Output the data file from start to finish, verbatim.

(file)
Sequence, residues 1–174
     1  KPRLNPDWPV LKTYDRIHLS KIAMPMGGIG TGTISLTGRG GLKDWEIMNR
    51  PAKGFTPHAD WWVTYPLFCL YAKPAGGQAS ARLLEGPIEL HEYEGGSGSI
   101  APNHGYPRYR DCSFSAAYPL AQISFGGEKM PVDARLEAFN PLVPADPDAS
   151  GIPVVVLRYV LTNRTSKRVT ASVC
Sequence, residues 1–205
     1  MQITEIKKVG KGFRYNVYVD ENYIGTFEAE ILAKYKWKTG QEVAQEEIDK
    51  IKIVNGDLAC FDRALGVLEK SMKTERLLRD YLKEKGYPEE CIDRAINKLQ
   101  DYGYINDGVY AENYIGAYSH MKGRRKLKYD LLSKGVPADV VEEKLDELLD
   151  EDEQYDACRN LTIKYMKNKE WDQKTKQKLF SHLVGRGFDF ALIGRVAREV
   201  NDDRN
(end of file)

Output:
Sequence, residues 1–174
     1  KPRLNPDWPV LKTYDRIHLS KIAMPMGGIG TGTISLTGRG GLKDWEIMNR
    51  PAKGFTPHAD WWVTYPLFCL YAKPAGGQAS ARLLEGPIEL HEYEGGSGSI
   101  APNHGYPRYR DCSFSAAYPL AQISFGGEKM PVDARLEAFN PLVPADPDAS
   151  GIPVVVLRYV LTNRTSKRVT ASVC
Sequence, residues 1–205
     1  MQITEIKKVG KGFRYNVYVD ENYIGTFEAE ILAKYKWKTG QEVAQEEIDK
    51  IKIVNGDLAC FDRALGVLEK SMKTERLLRD YLKEKGYPEE CIDRAINKLQ
   101  DYGYINDGVY AENYIGAYSH MKGRRKLKYD LLSKGVPADV VEEKLDELLD
   151  EDEQYDACRN LTIKYMKNKE WDQKTKQKLF SHLVGRGFDF ALIGRVAREV
   201  NDDRN